Posts Categorized: Pro Bono

Giving Back: Pro Bono and Public Service Opportunities at the BBA

With the new program year kicking off, it’s a good time to consider what volunteer opportunities you might like to get involved in during the coming year!   The BBA offers our members a number of ways to give back to the community while developing skills in different areas of law. Below are some of the opportunities that we are currently recruiting volunteers for. Reach out to Public Service & Grants Manager Hannah Poor at [email protected] or 617-778-1938 with questions or to get involved!

HOUSING COURT LAWYER FOR THE DAY
Volunteer attorneys are needed to advise and represent low-income, unrepresented tenants and landlords in Housing Court on Wednesday, Thursday, and Friday mornings. You will provide access to justice to pro se litigants through advice, mediation, and case litigation, mostly in eviction cases. Learn more here.

CORI SEALING CLINIC
The CORI Sealing Clinic Pilot Project, which the BBA launched earlier this year in partnership with Greater Boston Legal Services and the Boston Municipal Court, connects low-income clients who have questions about their criminal records with volunteer attorneys who can help. The clinic is held the first Wednesday of every month at the Edward W. Brooke Courthouse and clients can receive assistance with obtaining, reviewing, and, if advised, sealing or expunging their records. The clinic aims to help clients remove the barrier to housing, employment, and educational opportunities that having a criminal record can pose. Learn more here.

M. ELLEN CARPENTER FINANCIAL LITERACY PROGRAM
This statewide program helps high school students across Massachusetts learn about making informed and effective decisions regarding their finances through educational and experiential opportunities. You can volunteer to present any of the three classroom modules, which cover Personal Finances & Budgeting, Using Credit & Credit Cards, and Financing a Large Purchase. The program culminates with a mock trial presentation in the United States Bankruptcy Court. Learn more here.

BAR EXAM COACHING
The BBA’s Bar Exam Coaching program matches volunteer attorney coaches with applicants preparing to sit for the bar exam in Massachusetts, particularly those who are retaking the exam. Coaches guide applicants through the non-substantive elements of exam prep such as mental preparation, study tips, and time & stress management. We are currently seeking attorneys interested in serving as coaches for bar applicants sitting for the bar exam in February 2020.  Learn more here.

SCHOOL DISCIPLINE KNOW-YOUR-RIGHTS
As part of the BBA’s Service Innovation Project on Dismantling the School-to-Prison Pipeline, the most recent Public Interest Leadership Program class partnered with Greater Boston Legal Services to provide community outreach presentations on school discipline rights, particularly with regards to new rights established under a 2018 settlement agreement that GBLS reached with Boston Public Schools. With the new school year kicking off, we are seeking volunteers to do more know-your-rights presentations to student, parent/caregiver, and community groups throughout Boston! Learn more here.

The BBA’s Public Service programs are made possible with the support of the Boston Bar Foundation. 

Celebrate Pro Bono Month at the BBA!

Clients receive day-of assistance on eviction day through the Housing Court Lawyer for the Day Program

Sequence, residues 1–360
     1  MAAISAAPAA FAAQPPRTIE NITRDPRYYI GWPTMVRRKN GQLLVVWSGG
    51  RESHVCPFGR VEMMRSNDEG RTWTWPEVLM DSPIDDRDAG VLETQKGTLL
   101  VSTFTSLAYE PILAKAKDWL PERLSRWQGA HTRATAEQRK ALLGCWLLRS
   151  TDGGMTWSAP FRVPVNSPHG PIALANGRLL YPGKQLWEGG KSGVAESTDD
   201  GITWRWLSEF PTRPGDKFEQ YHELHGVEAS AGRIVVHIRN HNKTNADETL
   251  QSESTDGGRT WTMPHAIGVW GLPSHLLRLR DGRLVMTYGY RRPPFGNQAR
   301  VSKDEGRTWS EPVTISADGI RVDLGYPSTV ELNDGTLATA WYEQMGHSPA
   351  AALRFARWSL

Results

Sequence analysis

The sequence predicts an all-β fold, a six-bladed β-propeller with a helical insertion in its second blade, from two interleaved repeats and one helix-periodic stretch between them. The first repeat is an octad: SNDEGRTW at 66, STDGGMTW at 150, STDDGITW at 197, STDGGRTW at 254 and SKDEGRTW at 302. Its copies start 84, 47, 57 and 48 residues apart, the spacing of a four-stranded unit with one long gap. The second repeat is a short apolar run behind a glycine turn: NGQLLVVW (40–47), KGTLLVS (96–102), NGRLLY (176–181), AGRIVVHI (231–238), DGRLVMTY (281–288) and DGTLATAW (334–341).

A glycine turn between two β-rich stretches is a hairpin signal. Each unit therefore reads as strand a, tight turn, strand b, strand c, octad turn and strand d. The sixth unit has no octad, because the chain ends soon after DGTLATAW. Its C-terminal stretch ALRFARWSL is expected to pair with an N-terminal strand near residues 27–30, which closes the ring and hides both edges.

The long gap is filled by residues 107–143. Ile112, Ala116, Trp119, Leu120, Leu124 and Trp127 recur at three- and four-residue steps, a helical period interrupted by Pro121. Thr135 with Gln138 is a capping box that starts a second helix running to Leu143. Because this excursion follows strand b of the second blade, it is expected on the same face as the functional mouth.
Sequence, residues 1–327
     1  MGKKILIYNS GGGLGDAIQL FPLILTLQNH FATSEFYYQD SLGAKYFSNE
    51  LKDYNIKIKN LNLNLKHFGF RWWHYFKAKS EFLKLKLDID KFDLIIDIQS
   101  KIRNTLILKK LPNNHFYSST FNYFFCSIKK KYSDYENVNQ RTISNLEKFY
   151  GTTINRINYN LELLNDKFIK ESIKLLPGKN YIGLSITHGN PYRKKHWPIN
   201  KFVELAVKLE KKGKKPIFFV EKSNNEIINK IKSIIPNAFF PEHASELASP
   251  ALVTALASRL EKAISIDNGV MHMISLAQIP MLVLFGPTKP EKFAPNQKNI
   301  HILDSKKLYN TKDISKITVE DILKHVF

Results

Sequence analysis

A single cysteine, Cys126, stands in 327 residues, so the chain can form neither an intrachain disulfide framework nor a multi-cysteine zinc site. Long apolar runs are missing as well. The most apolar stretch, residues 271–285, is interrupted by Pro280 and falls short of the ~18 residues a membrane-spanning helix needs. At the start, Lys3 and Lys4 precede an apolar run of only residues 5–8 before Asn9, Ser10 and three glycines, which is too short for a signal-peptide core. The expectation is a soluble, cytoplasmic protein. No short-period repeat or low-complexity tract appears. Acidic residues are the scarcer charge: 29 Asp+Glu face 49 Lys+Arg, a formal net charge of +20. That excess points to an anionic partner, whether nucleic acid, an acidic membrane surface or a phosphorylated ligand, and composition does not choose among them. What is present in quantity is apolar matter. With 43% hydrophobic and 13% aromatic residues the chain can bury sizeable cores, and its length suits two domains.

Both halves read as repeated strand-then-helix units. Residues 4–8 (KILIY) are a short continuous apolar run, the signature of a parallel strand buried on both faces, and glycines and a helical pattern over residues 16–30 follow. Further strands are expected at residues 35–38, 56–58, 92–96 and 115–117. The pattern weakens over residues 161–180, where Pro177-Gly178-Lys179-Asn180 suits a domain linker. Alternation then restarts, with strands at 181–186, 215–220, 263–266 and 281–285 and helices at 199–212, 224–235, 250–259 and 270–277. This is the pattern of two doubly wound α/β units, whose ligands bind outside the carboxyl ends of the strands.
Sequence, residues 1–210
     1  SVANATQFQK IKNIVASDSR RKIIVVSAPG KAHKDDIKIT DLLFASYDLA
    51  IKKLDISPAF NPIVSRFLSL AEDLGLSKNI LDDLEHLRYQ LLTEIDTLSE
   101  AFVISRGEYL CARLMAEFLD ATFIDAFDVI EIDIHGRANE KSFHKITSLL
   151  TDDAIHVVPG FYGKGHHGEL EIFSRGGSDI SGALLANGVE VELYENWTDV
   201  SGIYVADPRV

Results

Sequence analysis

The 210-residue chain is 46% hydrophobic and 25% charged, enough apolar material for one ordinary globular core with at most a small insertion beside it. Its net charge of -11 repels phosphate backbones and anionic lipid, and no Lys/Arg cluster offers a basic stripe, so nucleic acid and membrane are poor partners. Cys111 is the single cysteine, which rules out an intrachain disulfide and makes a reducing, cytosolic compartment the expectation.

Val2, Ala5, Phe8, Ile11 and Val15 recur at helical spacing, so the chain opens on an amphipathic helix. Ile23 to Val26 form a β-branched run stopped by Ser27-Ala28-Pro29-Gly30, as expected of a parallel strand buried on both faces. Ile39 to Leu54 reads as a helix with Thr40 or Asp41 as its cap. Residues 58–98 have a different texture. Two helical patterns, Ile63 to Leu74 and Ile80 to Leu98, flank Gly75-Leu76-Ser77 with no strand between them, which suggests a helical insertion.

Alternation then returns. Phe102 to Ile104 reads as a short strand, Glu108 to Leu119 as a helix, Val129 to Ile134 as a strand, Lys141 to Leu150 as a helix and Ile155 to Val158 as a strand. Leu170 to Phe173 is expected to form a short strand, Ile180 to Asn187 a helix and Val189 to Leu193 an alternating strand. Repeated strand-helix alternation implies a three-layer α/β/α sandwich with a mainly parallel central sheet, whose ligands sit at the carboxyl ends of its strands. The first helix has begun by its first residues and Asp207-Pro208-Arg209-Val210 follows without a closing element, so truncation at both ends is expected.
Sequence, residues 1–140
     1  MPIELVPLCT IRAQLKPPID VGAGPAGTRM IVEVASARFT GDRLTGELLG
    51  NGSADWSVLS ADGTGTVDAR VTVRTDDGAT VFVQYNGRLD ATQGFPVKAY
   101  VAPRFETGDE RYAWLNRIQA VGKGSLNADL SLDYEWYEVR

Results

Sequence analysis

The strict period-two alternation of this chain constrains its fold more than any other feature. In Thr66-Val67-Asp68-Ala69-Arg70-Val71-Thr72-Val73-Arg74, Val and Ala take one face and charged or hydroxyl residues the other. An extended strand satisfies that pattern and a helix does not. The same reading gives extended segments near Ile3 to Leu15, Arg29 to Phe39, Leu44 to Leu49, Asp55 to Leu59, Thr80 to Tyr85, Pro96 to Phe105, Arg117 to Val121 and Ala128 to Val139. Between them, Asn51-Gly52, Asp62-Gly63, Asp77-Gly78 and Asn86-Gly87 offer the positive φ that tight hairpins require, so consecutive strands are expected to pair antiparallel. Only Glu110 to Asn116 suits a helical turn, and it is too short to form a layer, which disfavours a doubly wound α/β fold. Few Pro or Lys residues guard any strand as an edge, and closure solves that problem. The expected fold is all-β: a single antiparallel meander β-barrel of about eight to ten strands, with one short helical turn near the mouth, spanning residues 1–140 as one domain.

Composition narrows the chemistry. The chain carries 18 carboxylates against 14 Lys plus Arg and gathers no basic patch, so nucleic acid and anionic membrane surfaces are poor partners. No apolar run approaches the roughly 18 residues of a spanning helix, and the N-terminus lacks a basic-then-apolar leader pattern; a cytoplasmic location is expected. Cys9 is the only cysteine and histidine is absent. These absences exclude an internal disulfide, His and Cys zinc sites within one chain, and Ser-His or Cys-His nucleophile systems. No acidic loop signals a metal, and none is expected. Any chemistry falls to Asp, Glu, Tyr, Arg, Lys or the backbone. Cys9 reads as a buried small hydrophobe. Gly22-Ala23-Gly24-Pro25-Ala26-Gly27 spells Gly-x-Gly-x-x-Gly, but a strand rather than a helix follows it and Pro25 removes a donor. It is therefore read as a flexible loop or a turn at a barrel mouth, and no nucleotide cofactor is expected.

October is Pro Bono Month, recognizing the valuable pro bono contributions made by lawyers throughout the year, and aiming to increase pro bono participation across the state in order to narrow the justice gap.

The BBA Council voted on Tuesday to recognize October 2019 as Pro Bono Month and to “commend Boston attorneys for their ongoing pro bono contributions, and remind all members that by engaging in pro bono work and providing financial support they can make a significant difference in the lives of Boston’s poor who would not otherwise have access to the legal system.”

At the annual Pro Bono Recruitment Fair & Open House, attorneys and law students meet representatives from local legal services organizations to learn about pro bono opportunities

Last year, the BBA trained over 200 attorneys to take pro bono cases in civil appeals, veterans’ issues, housing, citizenship applications, education law, and more.  Meanwhile, more than 500 of our members dedicated their time to community service and pro bono work through our public service programs –whether by helping clients at our monthly CORI Sealing Clinic or by teaching elementary, middle, and high school students about the importance of First Amendment rights and free speech in our democracy.  We are grateful to our members for giving generously of their time and talents – and embodying the spirit of Pro Bono Month all year round by delivering unique services to our community that only lawyers can provide!

In April, BBA members learned about how to represent veterans pro bono in discharge upgrade cases.

This year, we have a robust set of activities planned for Pro Bono Month.  We hope you will think about where you might be able to lend support in the year ahead, and plug into one (or more!) of the many volunteer opportunities we will be highlighting in October.  Together, we can advance access to justice for all people in Massachusetts.

PUBLIC CHARGE ATTORNEY TRAINING
Wednesday, October 2, 12:00-2:00pm, at the BBA
Register here.

This free, in-depth training will provide Massachusetts immigration attorneys with information about the new Public Charge regulation, which takes effect on October 15.  This training will help lawyers assess how the new regulation will affect their clients and determine case strategy.

PRO BONO TRAINING : CHAPTER 7 CONSUMER BANKRUPTCY BASICS
Thursday, October 10, 3:00-6:30pm, at the BBA
Register here.

This program will cover all aspects of representing a low-income consumer debtor in a chapter 7 bankruptcy case, and will qualify participants to take on chapter 7 cases pro bono through the Volunteer Lawyers Project.

PRO BONO RECRUITMENT FAIR & OPEN HOUSE AT SUFFOLK LAW
Tuesday, October 15, 4:30-6:00pm, at Suffolk University Law School
Register here.

The Pro Bono Recruitment Fair & Open House, sponsored by the Boston Bar Association and Suffolk University Law School, is open to law students and attorneys of all levels. Join us to learn about pro bono opportunities with local legal services organizations.